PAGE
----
I get the impression some of the events should have been resolved in Desolation, with more time spent on building up to the inevitable battle. The Hobbit movies are very dense, but what the last two did so well was space it all out. All the mythos and tidbits of information were doled out in moderation with good pacing. Here, everything was rushed to get the battle over with. If anything, the movie would have been better had it took its time.

The problem arises in the beginning, where Smaug flies from the mountain and sets Lake-town on fire. The sequence was so short and rushed, it would have been far better had it capped off the end of Desolation. This further cements the fact that actor Benedict Cumberbatch, the voice of Smaug, is too good to be present for only ten minutes. If he were killed off in Desolation, it would have made his departure in Five Armies less disappointing. What a waste of talent.

The strength of the film is definitely the battle. We see the armies of four different races, clad in different suits of armor and weapons, before they fight in ways that make them distinct from each other. It was a delight to see the precision and grace of the elves, the systematically confrontational tactics of the dwarves, and imaginative ways the orcs went about their strategy of sieging a fortified position with unique military assets.

The entire last half of the film is seeing the armies go at it and it is glorious. Multi-racial soldiers combine and fight as a singular, if not disorganized unit to win the day. Tensions rise when moral wanes, innocents die, and the lines of battle collapse in on themselves. Towards the end there are one-on-one battles that mimic the creative set ups of the previous trilogy. If anything, the battle is reason alone to see Five Armies.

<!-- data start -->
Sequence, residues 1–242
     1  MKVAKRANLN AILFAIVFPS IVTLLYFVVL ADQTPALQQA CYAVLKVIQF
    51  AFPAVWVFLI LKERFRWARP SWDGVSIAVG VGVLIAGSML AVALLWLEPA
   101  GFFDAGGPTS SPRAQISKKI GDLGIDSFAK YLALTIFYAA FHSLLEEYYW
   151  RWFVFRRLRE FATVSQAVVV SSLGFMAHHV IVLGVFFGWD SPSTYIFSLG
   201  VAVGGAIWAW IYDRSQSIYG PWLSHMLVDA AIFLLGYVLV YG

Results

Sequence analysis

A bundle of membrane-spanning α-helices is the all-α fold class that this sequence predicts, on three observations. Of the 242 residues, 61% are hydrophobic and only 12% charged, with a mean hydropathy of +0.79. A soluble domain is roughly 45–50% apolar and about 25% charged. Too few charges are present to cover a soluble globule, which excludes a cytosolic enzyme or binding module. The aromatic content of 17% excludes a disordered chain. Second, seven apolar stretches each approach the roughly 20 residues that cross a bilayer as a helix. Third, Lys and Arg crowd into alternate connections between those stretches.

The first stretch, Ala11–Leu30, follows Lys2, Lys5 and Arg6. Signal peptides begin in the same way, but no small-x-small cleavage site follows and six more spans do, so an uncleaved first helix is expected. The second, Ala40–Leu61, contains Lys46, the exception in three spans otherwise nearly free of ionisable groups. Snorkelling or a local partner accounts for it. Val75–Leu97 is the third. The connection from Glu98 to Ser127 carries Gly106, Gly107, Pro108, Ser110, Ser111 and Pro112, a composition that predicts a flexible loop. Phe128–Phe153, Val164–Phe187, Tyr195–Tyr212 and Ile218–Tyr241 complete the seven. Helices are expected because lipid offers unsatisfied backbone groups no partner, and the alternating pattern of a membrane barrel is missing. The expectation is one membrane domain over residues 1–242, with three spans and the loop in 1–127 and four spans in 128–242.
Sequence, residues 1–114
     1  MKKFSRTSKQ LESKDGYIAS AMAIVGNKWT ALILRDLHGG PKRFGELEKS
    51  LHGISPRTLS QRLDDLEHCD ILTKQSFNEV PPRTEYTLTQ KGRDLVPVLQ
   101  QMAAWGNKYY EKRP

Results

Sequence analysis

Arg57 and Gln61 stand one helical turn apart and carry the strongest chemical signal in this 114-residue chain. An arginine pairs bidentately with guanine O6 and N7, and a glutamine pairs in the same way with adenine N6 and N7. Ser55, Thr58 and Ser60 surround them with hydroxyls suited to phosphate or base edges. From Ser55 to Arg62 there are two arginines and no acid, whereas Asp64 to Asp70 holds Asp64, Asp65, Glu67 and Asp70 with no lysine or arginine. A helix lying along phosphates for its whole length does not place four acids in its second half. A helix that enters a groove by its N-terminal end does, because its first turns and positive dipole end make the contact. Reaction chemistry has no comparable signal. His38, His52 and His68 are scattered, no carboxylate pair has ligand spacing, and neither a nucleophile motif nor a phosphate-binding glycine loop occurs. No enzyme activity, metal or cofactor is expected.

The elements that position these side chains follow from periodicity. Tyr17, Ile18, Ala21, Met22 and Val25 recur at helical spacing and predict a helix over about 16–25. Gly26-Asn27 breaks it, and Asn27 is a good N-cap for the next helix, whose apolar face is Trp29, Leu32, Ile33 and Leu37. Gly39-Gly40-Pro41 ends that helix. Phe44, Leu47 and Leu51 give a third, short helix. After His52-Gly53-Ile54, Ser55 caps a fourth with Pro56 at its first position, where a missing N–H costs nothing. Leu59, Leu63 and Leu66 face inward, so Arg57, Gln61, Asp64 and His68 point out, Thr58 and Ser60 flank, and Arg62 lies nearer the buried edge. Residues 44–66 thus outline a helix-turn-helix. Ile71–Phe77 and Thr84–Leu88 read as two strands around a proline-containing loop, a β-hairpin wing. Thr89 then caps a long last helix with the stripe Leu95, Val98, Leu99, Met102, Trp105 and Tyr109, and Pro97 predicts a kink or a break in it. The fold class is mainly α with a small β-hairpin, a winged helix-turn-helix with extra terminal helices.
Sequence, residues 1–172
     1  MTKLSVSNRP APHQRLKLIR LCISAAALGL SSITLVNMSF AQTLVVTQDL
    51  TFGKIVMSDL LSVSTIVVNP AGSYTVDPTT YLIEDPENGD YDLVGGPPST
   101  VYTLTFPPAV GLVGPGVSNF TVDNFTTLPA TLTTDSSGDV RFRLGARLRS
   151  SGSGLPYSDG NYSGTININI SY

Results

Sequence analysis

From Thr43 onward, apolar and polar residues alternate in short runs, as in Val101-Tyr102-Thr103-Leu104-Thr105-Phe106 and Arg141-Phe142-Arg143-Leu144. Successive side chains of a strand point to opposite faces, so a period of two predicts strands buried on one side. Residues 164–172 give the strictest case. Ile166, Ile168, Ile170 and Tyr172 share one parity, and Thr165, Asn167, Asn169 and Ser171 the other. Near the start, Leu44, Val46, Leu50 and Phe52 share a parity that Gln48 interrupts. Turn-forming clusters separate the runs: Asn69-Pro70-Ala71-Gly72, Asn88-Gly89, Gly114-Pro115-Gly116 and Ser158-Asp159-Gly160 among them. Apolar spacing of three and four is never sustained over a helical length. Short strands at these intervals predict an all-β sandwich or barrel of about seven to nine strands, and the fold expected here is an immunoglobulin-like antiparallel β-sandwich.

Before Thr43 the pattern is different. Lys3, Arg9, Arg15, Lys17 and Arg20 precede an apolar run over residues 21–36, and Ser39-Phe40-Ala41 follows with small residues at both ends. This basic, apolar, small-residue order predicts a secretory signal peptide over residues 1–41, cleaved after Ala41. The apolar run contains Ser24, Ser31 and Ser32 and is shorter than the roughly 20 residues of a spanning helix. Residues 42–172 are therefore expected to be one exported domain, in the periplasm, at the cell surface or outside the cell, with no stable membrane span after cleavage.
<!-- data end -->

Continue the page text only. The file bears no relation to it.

The main problem is not only how rushed everything feels, but also the overuse of CGI. I know I mentioned it it in the beginning to get it out of the way, but after seeing this movie, I am compelled to talk about it. The unnecessary CGI cuts more corners than the Star Wars prequels and the paper documents on an episode of the new Battlestar Galactica combined. I was so taken out of the movie because I know for a fact most of the effects could have been done practical and would have looked far better than anything created in a computer. I could not be more disappointed.

All in all, The Battle of the Five Armies is a nice conclusion to the Hobbit movies. It delivers on its promise of an epic battle that fans will enjoy. Best of all, it makes me want to go back to the original trilogy, and I plan to do so right after I post this. Before you see it, I recommend going back to Desolation to refresh your memory of the events leading up to the battle. If you plan on seeing anything this weekend, make sure this is one of them. Take your kids to this instead of Night at the Museum 3 or Annie.